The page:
What do trends in the climate change movement mean for a decentralized internet?

Al Gore’s talk from TED 2016 was just published, and it’s worth watching:

I won’t steal Mr Gore’s pitch, as it’s important that people hear the whole thing, so I’ll ask you to watch it, then come back.

Done? Good.

As you now know, two very hopeful economic trends are now under way: the rapid drop in cost of renewable energy (in particular solar power), getting close to a tipping point where it may be cheaper than using gaia-toxic energy sources, and the equally important drop in prices for energy storage devices (batteries).

Listening to this talk made me excited and hopeful for the planet, but it also made me wonder about the potential shifts that these trends will have on other critical systems, such as the Internet.

Solar energy is decentralized energy

In particular, solar energy and batteries have a remarkable property: they need to be distributed near where people are. There is a structural disadvantage to centralizing this kind of energy: because of power losses over large distances, given equal cost-per-watt of energy capture, it’s more efficient to do the power collection and storage close to where people need to consume it.

I don’t think we yet have found the comparable approach when it comes to the mainstream consumer internet (where the economic advantage seems to be strongly towards centralization), but I find the energy transition that Gore articulates provocative, and one that I want to learn more about. There may be lessons there for those of us who worry about an over-centralization of economic and political power in the digital realm.

What internet should we build on a decentralized energy infrastructure?

If Gore is correct that solar cells and batteries are key parts of a transition to a sustainable energy future, it’s worth noting that these same technologies can not only be used to light and heat homes, but also to power computing devices, from phones to computers to routers to transmission equipment. So, computing will be possible at the edges. How can we turn this into connected computing?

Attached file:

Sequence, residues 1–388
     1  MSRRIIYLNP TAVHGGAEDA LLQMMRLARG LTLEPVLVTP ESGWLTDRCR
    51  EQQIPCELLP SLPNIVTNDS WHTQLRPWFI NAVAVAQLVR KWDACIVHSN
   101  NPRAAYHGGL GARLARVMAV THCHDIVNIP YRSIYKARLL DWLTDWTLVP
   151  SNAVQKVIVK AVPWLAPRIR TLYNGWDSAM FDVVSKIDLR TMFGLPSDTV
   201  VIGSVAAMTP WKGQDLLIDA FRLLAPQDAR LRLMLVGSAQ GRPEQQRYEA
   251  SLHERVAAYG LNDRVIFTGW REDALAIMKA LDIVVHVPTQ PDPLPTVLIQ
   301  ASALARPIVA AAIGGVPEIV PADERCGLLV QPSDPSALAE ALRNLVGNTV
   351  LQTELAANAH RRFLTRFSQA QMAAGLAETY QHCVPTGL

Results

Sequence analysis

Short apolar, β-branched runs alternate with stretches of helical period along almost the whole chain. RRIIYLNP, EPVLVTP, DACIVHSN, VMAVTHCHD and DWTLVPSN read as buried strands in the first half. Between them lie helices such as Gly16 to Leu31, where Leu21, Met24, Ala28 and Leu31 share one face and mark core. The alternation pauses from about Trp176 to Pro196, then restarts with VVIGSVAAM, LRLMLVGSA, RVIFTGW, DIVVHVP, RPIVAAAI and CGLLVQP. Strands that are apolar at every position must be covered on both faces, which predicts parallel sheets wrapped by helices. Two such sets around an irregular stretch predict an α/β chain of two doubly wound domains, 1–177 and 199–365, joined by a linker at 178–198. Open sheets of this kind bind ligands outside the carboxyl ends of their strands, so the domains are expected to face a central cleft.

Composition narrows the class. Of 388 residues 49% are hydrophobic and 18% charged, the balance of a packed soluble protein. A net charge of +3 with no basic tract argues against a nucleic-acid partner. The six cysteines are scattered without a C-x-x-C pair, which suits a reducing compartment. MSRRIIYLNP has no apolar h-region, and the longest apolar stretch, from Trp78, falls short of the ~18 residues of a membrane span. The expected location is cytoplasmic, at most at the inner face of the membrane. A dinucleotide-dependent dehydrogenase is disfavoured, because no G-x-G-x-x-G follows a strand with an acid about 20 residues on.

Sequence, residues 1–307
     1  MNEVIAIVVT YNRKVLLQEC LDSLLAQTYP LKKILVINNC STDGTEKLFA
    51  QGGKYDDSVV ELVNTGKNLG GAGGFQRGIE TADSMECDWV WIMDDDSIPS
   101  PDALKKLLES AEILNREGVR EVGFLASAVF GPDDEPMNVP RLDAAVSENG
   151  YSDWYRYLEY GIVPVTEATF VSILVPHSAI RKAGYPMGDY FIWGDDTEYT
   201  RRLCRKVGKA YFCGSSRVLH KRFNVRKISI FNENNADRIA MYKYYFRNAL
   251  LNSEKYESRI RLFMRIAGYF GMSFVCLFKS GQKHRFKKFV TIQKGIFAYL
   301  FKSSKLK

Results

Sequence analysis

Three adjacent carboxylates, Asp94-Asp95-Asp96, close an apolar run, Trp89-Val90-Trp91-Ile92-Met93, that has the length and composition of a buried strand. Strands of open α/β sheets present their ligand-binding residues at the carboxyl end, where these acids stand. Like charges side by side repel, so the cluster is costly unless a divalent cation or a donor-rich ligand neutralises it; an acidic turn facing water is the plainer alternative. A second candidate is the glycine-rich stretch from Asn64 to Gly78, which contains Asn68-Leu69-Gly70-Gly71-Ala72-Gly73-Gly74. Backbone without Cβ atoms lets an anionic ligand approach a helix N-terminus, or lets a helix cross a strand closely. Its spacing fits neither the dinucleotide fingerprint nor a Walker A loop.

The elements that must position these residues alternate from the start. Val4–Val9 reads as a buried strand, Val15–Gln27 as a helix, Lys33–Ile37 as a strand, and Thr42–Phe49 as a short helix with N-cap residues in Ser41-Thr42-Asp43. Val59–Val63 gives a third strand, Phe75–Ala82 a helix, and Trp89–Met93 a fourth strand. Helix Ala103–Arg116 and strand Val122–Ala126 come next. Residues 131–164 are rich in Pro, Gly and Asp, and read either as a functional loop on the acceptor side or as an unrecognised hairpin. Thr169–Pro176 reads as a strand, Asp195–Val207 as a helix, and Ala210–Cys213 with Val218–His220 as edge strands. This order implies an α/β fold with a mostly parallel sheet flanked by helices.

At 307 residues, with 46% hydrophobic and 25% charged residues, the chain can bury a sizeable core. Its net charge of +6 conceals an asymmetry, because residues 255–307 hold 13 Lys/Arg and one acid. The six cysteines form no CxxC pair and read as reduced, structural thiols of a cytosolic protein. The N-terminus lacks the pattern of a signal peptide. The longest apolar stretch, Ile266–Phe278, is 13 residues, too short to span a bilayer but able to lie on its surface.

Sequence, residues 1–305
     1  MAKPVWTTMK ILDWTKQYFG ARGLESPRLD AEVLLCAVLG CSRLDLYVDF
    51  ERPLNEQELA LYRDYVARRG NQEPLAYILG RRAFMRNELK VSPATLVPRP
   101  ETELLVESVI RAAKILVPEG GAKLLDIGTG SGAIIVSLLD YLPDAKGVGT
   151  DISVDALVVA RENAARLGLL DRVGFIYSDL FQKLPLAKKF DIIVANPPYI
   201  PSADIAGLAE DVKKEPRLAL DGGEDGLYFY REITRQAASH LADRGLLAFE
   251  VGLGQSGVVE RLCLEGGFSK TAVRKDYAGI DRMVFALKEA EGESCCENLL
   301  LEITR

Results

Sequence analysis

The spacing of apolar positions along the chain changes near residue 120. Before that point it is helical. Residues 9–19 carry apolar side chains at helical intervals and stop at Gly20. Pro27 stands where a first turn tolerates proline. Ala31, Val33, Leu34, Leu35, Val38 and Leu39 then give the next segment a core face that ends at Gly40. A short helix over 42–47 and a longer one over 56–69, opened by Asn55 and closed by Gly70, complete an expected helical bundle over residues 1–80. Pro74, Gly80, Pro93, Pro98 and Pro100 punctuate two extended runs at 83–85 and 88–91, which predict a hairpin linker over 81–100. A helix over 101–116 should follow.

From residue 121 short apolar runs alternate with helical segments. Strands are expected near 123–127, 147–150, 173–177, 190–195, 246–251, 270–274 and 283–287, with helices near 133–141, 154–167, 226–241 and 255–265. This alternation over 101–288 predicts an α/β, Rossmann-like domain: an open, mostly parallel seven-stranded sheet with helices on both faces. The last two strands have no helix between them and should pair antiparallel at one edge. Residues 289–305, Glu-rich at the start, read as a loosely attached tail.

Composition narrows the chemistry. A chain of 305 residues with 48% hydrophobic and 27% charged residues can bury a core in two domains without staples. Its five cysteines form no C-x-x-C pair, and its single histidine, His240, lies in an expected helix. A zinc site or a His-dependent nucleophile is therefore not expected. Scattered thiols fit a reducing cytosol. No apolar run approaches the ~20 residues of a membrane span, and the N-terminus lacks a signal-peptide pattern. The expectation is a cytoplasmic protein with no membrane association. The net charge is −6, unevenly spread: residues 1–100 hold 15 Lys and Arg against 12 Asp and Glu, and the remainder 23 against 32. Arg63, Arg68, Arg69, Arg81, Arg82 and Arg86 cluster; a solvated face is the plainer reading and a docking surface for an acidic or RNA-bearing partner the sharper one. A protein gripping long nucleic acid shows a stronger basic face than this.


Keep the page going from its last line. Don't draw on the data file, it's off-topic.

If one looks at the internet ‘at the edges’ from a perspective of a western developer, it feels fairly developer-hostile. The cloud infrastructure that we’ve gotten used to is very far from the user’s devices. Latencies, bandwidth, even reliability of connectivity between where we think computing happens (AWS and the like) and the potential users make the fit between our approach and that audience feel very awkward.

It may be provocative however to look at this problem the other way around: start with the notion of an internet node as one that is at the edge, and think about what technological advances would be needed to make it a valuable resource to that user, what connections it needs, and what kinds of communication systems can power it.

For that node to be useful, it needs to have access to relevant information, connect with relevant people. Often, those will be relatively local. And the assumption of latency at the edges is pretty bad, so real user benefit can result even by “outrageously slow” performance using, e.g., California benchmarks.

This makes me think about propagation networks and p2p systems. It makes me want to ask whether there are addressing and data access models that take into account the effective topology of a network. It makes me wonder who is pushing the envelope of these sparse connection environments. And it makes me think that we need someone like Gore to tell that story and inspire a next generation of technologists who will see the frontier not as a barren landscape but a place full of potential.